Bertrand Russell

1872 - 1970

A Quote by Bertrand Arthur William Russell on happiness, intelligence, and men

The main thing needed to make men happy is intelligence.

Bertrand Russell (1872 - 1970)

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A Quote by Bertrand Arthur William Russell on certainty, knowledge, and men

What men really want is not knowledge but certainty.

Bertrand Russell (1872 - 1970)

Contributed by: Zaady

A Quote by Bertrand Arthur William Russell on chance and laws

How dare we speak of the laws of chance? Is not chance the antithesis of all law?

Bertrand Russell (1872 - 1970)

Source: Calcul des probabilités.

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A Quote by Bertrand Arthur William Russell on death, fear, life, and love

To fear love is to fear life, and those who fear life are already three parts dead.

Bertrand Russell (1872 - 1970)

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A Quote by Bertrand Arthur William Russell on losing

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It's not what you have lost, but what you have left that counts.

Bertrand Russell (1872 - 1970)

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A Quote by Bertrand Arthur William Russell on god, good, love, and thought

I did not know I loved you until I heard myself telling so, for one instance I thought, "Good God, what have I said?" and then I knew it was true.

Bertrand Russell (1872 - 1970)

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A Quote by Bertrand Arthur William Russell on acceptance, certainty, discovery, expectation, faith, kindness, knowledge, mathematics, people, religion, rest, security, teachers, thought, work, and world

I wanted certainty in the kind of way in which people want religious faith. I thought that certainty is more likely to be found in mathematics than elsewhere. But I discovered that many mathematical demonstrations, which my teachers expected me to accept, were full of fallacies, and that, if certainty were indeed discoverable in mathematics, it would be in a new field of mathematics, with more solid foundations than those that had hitherto been thought secure. But as the work proceeded, I was continually reminded of the fable about the elephant and the tortoise. having constructed an elephant upon which the mathematical world could rest, I found the elephant tottering, and proceeded to construct a tortoise to keep the elephant from falling. But the tortoise was no more secure than the elephant, and after some twenty years of very arduous toil, I came to the conclusion that there was nothing more that I could do in the way of making mathematical knowledge indubitable.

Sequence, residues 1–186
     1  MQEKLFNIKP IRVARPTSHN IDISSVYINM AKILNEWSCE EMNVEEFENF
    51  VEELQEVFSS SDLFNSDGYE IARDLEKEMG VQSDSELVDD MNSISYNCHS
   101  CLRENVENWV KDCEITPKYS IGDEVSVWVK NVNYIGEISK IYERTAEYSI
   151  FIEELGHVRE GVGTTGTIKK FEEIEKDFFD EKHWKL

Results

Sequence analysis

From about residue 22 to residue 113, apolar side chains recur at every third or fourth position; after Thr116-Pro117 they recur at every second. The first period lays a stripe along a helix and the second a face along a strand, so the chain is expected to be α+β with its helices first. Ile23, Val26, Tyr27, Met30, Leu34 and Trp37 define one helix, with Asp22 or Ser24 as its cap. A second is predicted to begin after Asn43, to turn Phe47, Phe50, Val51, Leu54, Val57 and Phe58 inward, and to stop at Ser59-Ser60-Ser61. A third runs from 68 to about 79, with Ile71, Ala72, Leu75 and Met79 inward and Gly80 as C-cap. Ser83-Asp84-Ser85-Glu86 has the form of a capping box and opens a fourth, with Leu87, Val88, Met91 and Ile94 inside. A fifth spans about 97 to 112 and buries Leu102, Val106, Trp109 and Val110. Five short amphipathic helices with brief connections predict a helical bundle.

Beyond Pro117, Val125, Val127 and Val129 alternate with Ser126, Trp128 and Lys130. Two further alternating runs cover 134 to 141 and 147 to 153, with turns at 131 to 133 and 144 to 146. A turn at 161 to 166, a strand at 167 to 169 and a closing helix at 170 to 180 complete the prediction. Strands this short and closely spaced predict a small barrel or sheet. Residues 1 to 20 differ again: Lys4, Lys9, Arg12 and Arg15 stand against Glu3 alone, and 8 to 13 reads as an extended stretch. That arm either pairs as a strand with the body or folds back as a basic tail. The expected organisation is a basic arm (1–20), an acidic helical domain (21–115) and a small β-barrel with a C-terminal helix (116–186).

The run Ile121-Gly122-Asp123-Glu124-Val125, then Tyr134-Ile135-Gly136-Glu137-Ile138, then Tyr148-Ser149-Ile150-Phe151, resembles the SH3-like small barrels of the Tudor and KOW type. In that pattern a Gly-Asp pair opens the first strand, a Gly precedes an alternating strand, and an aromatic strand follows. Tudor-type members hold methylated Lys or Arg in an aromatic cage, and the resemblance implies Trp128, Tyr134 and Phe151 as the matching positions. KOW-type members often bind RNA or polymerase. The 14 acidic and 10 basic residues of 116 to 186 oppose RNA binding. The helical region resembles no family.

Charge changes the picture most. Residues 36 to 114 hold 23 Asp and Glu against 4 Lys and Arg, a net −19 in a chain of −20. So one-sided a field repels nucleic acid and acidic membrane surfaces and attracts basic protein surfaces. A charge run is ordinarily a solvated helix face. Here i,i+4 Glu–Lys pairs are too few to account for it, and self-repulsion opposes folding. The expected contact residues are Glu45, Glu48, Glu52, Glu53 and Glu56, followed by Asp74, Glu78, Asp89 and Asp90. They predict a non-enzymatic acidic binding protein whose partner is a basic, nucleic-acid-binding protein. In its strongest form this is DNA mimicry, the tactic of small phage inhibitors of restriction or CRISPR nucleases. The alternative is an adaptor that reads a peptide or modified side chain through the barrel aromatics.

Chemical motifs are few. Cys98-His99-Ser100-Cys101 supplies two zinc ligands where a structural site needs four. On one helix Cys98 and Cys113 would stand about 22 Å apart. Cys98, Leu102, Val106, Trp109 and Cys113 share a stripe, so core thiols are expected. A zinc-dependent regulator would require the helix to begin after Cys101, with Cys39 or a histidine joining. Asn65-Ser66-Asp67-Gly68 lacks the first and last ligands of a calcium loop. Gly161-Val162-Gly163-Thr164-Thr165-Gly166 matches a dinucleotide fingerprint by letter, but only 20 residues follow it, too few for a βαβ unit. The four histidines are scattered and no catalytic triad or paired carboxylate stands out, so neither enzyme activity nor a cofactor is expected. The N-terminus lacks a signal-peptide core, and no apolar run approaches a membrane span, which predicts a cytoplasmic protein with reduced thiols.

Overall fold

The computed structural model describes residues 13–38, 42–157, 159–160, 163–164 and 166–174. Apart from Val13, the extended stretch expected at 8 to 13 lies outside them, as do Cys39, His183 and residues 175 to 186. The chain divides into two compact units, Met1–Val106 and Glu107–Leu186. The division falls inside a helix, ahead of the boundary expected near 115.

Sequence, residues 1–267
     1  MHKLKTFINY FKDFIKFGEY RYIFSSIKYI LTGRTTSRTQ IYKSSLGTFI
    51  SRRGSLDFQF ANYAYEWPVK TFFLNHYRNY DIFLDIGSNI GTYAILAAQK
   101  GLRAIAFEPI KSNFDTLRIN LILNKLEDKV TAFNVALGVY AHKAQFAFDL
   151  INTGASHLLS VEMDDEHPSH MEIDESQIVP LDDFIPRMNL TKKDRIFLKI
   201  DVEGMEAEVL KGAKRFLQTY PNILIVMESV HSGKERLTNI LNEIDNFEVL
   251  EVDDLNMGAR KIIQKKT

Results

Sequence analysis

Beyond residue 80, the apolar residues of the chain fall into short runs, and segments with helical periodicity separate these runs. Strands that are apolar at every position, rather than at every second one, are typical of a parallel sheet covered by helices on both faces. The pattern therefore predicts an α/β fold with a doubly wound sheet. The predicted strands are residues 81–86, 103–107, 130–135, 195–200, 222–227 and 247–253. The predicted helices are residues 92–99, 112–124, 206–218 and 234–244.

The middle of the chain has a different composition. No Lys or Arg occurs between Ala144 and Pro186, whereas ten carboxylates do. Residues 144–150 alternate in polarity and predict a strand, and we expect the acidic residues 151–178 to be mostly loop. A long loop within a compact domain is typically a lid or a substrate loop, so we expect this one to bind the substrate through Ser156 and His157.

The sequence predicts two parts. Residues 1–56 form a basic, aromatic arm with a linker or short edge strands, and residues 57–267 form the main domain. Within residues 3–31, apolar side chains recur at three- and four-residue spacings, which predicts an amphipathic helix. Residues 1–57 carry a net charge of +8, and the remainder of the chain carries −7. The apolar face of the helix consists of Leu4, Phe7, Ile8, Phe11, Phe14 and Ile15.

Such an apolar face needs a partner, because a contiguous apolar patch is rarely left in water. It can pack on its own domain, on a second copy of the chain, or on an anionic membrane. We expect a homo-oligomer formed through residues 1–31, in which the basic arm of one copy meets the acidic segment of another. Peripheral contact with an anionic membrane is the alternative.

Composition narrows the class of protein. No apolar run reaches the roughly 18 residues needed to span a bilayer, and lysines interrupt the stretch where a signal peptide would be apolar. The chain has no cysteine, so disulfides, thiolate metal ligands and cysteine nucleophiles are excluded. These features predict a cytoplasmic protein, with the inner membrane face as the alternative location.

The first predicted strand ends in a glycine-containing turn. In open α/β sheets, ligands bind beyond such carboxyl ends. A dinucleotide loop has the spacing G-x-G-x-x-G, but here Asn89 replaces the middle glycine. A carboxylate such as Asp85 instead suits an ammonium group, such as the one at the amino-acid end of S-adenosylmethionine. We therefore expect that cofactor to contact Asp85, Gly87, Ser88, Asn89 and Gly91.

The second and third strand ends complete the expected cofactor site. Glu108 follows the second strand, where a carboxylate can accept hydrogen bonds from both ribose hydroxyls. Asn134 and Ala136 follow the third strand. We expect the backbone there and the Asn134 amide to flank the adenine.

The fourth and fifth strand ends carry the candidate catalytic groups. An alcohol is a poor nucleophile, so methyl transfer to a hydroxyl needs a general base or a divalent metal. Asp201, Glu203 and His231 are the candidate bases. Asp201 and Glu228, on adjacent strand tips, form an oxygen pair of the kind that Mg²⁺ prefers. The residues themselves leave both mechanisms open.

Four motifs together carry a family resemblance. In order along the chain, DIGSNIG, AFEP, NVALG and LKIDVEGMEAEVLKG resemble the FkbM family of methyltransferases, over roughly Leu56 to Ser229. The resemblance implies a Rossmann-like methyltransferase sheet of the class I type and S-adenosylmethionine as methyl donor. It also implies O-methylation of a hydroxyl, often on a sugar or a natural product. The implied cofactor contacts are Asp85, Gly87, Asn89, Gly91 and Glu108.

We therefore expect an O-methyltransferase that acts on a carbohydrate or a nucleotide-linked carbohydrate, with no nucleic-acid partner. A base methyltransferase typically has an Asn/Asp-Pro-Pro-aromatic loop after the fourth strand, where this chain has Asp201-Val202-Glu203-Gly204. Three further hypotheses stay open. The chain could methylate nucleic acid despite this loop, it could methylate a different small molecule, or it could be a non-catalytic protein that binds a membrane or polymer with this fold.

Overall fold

Bertrand Russell (1872 - 1970)

Source: Portraits from Memory.

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A Quote by Bertrand Arthur William Russell on brevity, circumstances, experience, fate, fear, greatness, happiness, individuality, joy, life, limitations, mind, perception, slavery, soul, universe, value, and world

A man who has once perceived, however temporarily and however briefly, what makes greatness of soul, can no longer be happy if he allows himself to be petty, self-seeking, troubled by trivial misfortunes, dreading what fate may have in store for him. The man capable of greatness of soul will open wide the windows of his mind, letting the winds blow freely upon it from every portion of the universe. He will see himself and life and the world as truly as our human limitations will permit; realizing the brevity and minuteness of human life, he will realize also that in individual minds is concentrated whatever of value the known universe contains. And he will see that the man whose mind mirrors the world becomes in a sense as great as the world. In emancipation from the fears that beset the slave of circumstance he will experience a profound joy, and through all the vicissitudes of his outward life he will remain in the depths of his being a happy man.

Bertrand Russell (1872 - 1970)

Source: The Conquest of Happiness

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A Quote by Bertrand Arthur William Russell on achievement and happiness

Happiness is not best achieved by those who seek it directly.

Bertrand Russell (1872 - 1970)

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A Quote by Bertrand Arthur William Russell on feeling, happiness, inspiration, philosophy, and unhappiness

If a philosophy is to bring happiness it should be inspired by kindly feelings. Marx pretended that he wanted the happiness of the proletariat; what he really wanted was the unhappiness of the bourgeois.

Bertrand Russell (1872 - 1970)

Contributed by: Zaady

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